Dogs, Butterflies, and Buildings: 5 Architectural Etymologies

The history of architecture furnishes the lover of language with a robust supply of unusual and enlightening etymologies.  The term itself was initially popularized in English in the 1550s from the Greek arkhitekton, meaning “master builder.”  Here you’ll find 5 etymologies from the field of architecture, from the ancient Greeks to modern times.

Cantilever: A popular structure of bridges and towers, a cantilever is a beam anchored at one end and free at the other.  First coined in the early 17th century, it was a compound of cant and lever, the former of which derived from the Latin canus, meaning “dog.”  This “dog” was an architectural term for a piece of timber used to rest beams.

Column: A term with ancient roots, it is derived originally from the Proto-Indo-European word kel, meaning “to project upwards,” which was later Latinized into columen, meaning “top” or “summit.”  From this root, also, we derive the word “hill.”  In the mid-15th century, the word also came to mean a “vertical division of a page” and in the late 18th century was first used to refer to material printed in a newspaper.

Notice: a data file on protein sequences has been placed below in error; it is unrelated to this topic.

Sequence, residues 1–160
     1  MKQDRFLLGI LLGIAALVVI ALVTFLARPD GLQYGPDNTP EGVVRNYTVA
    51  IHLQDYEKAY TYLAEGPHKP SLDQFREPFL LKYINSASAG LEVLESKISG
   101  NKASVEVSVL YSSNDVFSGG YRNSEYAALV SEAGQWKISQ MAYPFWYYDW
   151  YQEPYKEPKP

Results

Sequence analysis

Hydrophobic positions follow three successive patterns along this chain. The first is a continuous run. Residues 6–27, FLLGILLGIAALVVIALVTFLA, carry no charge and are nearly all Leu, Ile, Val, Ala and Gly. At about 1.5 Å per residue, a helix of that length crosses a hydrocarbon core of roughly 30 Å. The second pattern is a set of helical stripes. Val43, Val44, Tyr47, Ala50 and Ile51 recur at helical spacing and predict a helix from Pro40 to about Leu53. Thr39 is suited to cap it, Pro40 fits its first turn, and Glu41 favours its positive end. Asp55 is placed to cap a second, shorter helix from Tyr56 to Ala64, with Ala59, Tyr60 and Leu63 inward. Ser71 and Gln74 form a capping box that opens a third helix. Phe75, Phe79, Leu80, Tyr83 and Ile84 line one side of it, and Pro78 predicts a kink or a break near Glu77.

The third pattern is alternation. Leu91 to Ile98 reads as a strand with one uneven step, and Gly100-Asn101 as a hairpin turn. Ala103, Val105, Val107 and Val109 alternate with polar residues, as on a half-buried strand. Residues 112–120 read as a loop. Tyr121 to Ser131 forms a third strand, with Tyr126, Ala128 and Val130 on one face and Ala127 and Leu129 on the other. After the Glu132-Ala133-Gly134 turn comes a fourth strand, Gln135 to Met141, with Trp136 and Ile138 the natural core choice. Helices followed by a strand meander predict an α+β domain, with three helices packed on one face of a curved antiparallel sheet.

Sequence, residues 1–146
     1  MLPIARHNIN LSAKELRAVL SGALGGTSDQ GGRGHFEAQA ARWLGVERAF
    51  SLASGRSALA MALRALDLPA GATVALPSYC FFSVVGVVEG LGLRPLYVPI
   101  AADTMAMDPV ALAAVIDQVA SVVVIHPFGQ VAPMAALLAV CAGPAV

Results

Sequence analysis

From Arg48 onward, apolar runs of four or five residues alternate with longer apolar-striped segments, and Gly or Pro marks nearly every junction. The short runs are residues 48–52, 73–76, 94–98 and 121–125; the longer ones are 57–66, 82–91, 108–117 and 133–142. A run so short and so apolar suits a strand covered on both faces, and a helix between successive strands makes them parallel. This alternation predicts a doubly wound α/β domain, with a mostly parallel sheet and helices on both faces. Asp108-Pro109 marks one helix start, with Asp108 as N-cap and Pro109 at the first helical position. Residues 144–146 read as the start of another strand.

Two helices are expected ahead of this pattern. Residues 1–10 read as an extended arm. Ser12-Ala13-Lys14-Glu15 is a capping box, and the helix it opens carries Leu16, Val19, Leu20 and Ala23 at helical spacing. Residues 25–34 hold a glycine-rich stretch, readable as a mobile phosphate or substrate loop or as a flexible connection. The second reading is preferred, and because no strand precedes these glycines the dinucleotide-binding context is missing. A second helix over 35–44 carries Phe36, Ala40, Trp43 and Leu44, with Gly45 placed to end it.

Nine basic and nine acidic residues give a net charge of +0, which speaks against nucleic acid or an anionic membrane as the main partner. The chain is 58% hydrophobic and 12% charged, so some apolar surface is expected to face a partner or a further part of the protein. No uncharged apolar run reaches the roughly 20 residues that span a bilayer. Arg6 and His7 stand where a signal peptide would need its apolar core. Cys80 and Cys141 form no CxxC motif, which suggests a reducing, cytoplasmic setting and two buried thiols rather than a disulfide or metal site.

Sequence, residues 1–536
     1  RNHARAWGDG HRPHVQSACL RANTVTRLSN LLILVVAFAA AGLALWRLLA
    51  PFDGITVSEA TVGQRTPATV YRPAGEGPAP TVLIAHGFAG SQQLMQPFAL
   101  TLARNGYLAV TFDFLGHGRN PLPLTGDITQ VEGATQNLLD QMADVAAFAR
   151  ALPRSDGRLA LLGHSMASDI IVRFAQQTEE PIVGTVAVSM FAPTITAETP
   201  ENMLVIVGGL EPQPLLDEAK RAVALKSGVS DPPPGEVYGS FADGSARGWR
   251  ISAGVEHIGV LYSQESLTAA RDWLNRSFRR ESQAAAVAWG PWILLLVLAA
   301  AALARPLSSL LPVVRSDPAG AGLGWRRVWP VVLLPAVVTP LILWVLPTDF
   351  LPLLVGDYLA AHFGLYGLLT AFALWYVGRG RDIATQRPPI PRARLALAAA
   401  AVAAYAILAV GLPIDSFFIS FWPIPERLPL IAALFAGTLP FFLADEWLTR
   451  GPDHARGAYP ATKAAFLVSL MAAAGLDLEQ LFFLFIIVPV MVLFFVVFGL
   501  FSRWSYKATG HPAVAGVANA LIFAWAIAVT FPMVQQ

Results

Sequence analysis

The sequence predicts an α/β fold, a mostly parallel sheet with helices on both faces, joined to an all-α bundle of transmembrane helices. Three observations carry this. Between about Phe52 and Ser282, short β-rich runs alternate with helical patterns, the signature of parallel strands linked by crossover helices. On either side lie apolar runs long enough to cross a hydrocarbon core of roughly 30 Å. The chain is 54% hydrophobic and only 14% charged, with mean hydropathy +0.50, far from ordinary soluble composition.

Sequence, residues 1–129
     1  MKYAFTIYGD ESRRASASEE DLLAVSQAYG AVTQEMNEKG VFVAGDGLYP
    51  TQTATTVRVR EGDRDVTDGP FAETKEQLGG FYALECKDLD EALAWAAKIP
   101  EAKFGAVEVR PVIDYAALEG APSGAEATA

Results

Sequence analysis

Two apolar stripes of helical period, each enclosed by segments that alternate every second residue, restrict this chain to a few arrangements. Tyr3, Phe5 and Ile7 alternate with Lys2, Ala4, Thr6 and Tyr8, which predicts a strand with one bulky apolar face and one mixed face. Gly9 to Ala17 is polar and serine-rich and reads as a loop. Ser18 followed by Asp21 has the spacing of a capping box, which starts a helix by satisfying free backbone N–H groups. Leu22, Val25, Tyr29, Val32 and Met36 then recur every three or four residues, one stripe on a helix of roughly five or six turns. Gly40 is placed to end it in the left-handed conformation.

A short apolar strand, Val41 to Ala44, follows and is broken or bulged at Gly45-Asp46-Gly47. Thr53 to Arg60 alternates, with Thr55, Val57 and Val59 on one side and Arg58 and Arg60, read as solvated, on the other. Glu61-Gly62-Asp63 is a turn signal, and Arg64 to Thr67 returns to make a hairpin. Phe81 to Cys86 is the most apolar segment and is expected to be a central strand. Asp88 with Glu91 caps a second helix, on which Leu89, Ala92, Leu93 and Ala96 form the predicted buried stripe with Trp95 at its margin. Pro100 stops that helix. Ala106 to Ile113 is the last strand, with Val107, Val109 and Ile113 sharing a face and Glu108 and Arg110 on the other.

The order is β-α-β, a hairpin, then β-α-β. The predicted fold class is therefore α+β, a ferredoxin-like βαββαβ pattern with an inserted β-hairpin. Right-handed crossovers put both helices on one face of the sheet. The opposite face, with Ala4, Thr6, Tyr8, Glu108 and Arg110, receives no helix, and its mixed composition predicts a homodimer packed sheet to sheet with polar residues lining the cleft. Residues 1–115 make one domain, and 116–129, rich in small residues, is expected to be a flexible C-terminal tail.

Dome: Another term of Greek origin, this word is derived from the word doma or domos, meaning “house.”  In the Middle Ages, variations of this word were used in German and Italian to refer to cathedrals, stemming from the concept of a church being the house of God.

Niche: A word whose metaphorical meaning has become as prevalent as its literal one, it originally referred to a shallow recess in a wall used for storing objects.  The most likely etymology traces the word from the Latin nidus, meaning “nest”, which was incorporated into the Old French verb nichier, meaning “to nestle.”

Pavilion: A term with a beautiful origin, it arrived in the English language in the 13th century from the Old French paveillon, meaning “large tent.”  This word, in turn, stems from the Latin papilio, meaning “butterfly”, used in this context to connote a butterfly’s wings.

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